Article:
After leaving the quad Cities area, we headed to the Iowa state Winnebago Rally in Hampton, IA. This move allowed us to see how another state conducts a rally and places us just over 60 miles from our next big destination of Forest City Iowa and the Winnebago Grand National Rally. We settled into the Franklin County fairgrounds in what turned out to be the very friendly town of Hampton, Iowa.
The first thing we noticed was that the fairgrounds was a bit different than others we have been in. On the grounds is the county history museum, which contains numerous displays of the local history and like many small museums has that homey touch. It also has a small model prairie village “Pleasant Hill” , which honors members of the Union Army from Franklin County. During the battle on 9 April, 1864, 11 members lost their lives.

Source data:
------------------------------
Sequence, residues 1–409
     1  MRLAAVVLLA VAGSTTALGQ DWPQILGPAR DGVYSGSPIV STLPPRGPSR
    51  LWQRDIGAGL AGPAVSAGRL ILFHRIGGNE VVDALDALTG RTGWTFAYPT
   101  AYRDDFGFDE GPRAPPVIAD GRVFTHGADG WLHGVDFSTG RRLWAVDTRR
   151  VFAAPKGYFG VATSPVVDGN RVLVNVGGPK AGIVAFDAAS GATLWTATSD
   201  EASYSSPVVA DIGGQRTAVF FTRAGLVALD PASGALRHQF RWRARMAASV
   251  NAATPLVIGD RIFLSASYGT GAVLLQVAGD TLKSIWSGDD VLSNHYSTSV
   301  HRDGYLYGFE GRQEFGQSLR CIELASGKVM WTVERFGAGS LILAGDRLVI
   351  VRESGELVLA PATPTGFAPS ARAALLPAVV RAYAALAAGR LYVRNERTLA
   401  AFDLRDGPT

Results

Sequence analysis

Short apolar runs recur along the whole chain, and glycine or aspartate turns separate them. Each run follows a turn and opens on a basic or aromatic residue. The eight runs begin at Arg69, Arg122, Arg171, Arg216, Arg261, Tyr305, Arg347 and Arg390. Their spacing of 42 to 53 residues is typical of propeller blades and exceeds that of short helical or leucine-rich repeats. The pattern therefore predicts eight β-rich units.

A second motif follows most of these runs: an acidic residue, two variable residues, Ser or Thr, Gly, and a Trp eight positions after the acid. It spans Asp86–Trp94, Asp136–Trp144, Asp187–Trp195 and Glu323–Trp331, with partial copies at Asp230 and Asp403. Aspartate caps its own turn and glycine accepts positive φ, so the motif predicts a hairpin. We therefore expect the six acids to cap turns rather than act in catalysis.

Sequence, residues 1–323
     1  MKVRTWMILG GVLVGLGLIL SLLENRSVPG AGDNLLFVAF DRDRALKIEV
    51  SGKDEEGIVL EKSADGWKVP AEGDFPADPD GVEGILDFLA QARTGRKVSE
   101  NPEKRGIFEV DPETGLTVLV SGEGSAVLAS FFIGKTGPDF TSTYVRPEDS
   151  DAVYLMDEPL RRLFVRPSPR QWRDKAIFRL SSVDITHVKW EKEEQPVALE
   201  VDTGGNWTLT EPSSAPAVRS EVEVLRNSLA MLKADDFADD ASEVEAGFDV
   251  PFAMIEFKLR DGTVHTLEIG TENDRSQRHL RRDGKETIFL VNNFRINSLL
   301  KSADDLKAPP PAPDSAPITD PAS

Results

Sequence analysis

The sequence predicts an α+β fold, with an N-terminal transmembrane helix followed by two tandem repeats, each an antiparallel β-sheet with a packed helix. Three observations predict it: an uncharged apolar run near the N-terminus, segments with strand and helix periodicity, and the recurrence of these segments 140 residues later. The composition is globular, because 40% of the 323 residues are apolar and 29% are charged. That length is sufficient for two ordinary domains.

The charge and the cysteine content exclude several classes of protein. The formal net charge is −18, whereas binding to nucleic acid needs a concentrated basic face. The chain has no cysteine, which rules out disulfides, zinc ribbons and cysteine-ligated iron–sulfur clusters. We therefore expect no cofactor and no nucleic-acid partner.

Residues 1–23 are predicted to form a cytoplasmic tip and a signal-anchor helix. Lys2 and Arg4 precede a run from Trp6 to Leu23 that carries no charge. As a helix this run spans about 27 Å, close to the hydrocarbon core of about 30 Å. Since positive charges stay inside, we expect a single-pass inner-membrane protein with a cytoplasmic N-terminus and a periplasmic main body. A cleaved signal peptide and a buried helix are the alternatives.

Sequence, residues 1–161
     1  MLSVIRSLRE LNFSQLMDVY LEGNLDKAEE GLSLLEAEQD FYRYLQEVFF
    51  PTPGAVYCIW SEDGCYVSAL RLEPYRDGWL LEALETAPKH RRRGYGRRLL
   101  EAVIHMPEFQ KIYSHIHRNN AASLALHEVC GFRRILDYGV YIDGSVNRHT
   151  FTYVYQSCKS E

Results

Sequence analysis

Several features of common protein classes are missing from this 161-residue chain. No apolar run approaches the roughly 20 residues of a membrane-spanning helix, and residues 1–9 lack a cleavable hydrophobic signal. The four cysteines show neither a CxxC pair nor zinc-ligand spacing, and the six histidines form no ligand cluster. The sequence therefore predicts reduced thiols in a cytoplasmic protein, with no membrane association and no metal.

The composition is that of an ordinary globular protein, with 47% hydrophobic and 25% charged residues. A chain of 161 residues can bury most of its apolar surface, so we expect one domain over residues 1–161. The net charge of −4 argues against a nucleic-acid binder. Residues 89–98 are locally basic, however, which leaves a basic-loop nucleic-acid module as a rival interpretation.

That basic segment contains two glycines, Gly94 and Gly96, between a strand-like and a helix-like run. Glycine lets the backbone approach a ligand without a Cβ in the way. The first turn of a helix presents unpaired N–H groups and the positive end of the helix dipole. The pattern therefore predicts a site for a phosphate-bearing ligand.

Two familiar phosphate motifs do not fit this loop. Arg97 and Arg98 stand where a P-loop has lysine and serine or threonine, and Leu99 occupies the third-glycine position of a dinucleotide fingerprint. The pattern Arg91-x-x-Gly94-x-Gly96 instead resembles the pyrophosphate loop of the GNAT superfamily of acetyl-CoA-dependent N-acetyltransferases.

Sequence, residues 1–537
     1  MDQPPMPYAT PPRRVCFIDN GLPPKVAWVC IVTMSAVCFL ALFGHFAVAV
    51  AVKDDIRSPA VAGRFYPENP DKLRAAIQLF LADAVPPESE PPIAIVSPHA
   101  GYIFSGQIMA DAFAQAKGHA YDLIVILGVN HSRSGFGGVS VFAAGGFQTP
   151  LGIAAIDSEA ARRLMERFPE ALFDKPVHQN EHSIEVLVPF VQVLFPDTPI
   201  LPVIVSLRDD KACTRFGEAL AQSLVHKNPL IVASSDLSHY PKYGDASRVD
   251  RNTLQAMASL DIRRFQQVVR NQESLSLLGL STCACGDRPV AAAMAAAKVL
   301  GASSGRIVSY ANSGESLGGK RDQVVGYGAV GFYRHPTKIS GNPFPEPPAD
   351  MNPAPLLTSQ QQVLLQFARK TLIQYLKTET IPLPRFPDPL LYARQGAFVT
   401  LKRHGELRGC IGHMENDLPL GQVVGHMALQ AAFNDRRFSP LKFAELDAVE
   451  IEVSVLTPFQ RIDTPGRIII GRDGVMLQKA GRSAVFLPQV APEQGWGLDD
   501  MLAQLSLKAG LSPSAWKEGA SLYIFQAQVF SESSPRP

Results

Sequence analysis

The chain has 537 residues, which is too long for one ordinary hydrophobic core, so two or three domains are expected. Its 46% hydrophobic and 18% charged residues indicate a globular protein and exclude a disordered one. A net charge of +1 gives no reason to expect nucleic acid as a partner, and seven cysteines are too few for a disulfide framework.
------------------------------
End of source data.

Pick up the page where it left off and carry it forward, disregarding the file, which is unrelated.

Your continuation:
As the state rally progressed, we as visitors were made to feel very welcome. We enjoyed making new friends and sharing experiences. The food and entertainment were enjoyable and we particularly enjoyed the pig roast on Saturday.
We made a short side trip to the Breeds Lake State Park located on a small lake that was created early in the last century to operate a grist mill and later the CCC built a spillway that remains to this day. The park has plenty of picnic and camping facilities and the spillway provides a relaxing place to spend an afternoon.
The town of Hampton is the kind of community where most people lived before the WWII. The town reflects life as it was before urbanization became the vogue. Town square and bandstand place a central role. Remembering the past is part of the present. It is a pleasant and friendly community with an active downtown. We went to the play “our Town” at the Windsor Theater. The Windsor has been open since 1903. One of the local businesses provided bus transportation to town all day Saturday and many of those attending the rally visited the retail stores. A memorial to those lost to the Civil War remains a focal point. 44 lives from Franklin County were lost during that conflict, out of a total population of 1200. The only major town of that time was Hampton with a population of 300. That loss would have been 15 percent of the town’s population.